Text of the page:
Dr. Bernstein’s Diet vs. Ketogenic Diet: Which is Right for You?


Is there a difference between the Doctor Bernstein’s Diabetes Solution diet and the ketogenic diet? While the two may look the same from afar, a careful study will show important differences in emphasis.



The most important thing to note is that nutritional ketosis– the eponymous goal of the ketogenic diet – is not in any way a stated goal of Dr. Bernstein’s diet. The most recent edition of Dr. Bernstein’s indispensable tome has precisely zero discussion of nutritional ketosis. It’s just not something that he pays attention to.

In practice, anyone strictly limiting their carbohydrate intake is likely to find themselves in the state of nutritional ketosis at least intermittently, if not perpetually. So if a person with Type 1 diabetes on the Dr. Bernstein diet is likely to be in ketosis anyway, what’s the difference?

It can be a big deal. If you have Type 1 diabetes you simply cannot be concerned with achieving or maintaining nutritional ketosis because of the risk of hypoglycemia. Even a well-controlled person with T1D will occasionally need to consume sugar in order to raise his or her blood sugar. You just cannot turn down a potentially life-saving glucose tab, juice box or Skittle out of concerns that you might get knocked out of ketosis.

Conversely, do you need to be worried about high levels of ketones on the Dr. Bernstein diet? Can one accidentally stumble into diabetic ketoacidosis? Check out our earlier article on the topic: When to Worry About Ketones.



This is the one place where there is very little disagreement between the two diets. Dr. Bernstein recommends an upper limit of 30g of carbohydrates per day. Keto guidelines tend to recommend as few as 20-25g per day, at least to begin with. Some dieters, based on activity level and body type, may find that they can comfortably stay in ketosis while eating 25-50g per day.

All of Dr. B’s carbohydrates are in the form of slow-acting carbs, and by “slow-acting” he does not mean bananas, whole grain breads and lentils, which still spike blood sugar so quickly that they might just as well be Fun Dip. The approved carbs of the Bernstein way of eating are limited almost entirely to non-sweet, non-starchy vegetables, along with the tiny amounts of carbs present in some protein sources, such as nuts, shellfish, tofu and eggs.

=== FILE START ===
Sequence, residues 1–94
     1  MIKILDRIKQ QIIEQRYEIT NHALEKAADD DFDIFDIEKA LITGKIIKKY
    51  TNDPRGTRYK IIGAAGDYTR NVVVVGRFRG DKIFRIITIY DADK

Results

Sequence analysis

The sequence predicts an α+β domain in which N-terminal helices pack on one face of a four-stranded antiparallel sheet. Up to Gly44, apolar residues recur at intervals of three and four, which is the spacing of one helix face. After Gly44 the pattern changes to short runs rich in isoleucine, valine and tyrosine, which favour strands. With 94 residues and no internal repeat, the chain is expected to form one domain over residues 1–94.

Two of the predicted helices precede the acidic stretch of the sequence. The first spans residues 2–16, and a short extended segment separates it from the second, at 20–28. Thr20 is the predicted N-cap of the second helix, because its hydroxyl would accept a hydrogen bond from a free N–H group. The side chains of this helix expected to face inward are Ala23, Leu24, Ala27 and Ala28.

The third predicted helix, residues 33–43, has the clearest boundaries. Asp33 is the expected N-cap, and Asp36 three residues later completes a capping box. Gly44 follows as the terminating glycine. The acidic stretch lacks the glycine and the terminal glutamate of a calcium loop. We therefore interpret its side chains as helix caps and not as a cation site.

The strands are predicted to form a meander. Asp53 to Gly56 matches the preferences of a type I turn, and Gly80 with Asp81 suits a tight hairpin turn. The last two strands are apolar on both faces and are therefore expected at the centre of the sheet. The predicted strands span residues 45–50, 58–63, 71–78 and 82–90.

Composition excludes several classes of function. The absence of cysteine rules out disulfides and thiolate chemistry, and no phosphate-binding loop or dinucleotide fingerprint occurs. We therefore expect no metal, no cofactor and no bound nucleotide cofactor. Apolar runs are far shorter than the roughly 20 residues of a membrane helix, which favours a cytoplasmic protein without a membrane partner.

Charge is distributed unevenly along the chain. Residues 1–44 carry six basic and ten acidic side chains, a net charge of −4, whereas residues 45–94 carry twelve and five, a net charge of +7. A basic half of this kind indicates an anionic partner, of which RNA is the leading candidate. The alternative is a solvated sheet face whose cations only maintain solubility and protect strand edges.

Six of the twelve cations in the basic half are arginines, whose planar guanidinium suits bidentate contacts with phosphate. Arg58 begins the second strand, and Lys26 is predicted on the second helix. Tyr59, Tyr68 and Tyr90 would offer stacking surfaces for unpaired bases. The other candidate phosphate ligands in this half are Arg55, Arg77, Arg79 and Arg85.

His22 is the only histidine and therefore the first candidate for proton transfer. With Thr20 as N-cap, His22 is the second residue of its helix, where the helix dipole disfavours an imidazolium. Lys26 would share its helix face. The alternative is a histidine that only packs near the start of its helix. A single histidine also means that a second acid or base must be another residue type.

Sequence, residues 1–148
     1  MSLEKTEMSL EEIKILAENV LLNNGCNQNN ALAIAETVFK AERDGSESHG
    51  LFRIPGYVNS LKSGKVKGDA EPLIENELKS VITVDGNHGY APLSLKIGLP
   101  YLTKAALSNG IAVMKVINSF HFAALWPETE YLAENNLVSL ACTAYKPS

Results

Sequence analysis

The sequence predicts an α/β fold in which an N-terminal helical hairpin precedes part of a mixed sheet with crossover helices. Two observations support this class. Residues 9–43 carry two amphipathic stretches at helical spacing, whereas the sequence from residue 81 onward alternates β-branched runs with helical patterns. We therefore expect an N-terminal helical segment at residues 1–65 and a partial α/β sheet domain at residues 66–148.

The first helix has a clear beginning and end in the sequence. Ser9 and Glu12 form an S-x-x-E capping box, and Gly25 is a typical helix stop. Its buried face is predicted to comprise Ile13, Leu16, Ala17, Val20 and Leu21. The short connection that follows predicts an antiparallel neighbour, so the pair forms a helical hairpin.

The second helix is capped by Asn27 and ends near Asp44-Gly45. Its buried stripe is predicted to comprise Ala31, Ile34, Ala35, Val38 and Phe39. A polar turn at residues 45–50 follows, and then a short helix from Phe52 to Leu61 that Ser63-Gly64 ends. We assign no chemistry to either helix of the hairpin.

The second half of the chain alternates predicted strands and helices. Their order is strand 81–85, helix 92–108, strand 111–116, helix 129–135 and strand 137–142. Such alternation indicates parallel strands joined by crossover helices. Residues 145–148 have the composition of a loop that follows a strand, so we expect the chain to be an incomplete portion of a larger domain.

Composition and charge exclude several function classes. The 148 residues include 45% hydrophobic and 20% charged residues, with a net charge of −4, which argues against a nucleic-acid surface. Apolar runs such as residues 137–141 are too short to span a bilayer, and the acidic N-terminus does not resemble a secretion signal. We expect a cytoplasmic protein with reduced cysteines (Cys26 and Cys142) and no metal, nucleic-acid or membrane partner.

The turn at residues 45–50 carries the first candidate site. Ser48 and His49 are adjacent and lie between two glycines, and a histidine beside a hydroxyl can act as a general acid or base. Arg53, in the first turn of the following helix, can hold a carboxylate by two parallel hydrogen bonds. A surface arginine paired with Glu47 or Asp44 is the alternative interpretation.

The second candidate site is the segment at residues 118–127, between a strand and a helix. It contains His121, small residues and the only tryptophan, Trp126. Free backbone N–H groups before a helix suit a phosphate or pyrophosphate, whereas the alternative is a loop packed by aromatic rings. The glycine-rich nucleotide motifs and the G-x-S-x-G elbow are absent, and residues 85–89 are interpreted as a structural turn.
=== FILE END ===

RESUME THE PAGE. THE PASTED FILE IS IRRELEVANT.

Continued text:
Keto? Pretty much the same menu.

By the way: why eat carbohydrates at all? The good doctor notes that “as stunning as it sounds … you can quite easily survive on a diet in which you eat no carbohydrate.” But while carbohydrates may not be essential, strictly speaking, they are marvelous sources of health-giving vitamins, minerals and phytochemicals. Phytochemicals were only identified relatively recently, and Dr. Bernstein speculates that even more benefits will be discovered in the future. As far as I’m concerned, the deliciousness of vegetables is more than enough argument to keep them in my own diet.



Here is where we can begin to draw a distinction. The keto diet is commonly referred to as a Low Carb High Fat (LCHF) diet, but Dr. Bernstein distinguishes his own regimen by calling it a Low Carb High Protein (LCHP) diet.

In practice, the difference is often slight. For a sedentary adult, Dr. Bernstein recommends a rock bottom of 0.8g of protein per 1kg of body weight, and a recommended  “starting point” of 1.2g, a number that should go up with increased activity levels. These are in step with most mainstream keto guidelines, which tend to recommend numbers between 1.0 and 2.0g/kg.

While those numbers are all in the same ballpark, the difference in emphasis between “high fat” and “high protein” can become more important in some special cases.

Dr. Bernstein recommends dramatically larger ratios for children and for more active adults: growing children and teens should start at 2.4g/kg, and a professional athlete could require as much as an immense 5g/kg! You’re unlikely to find a keto expert recommending protein intake this high.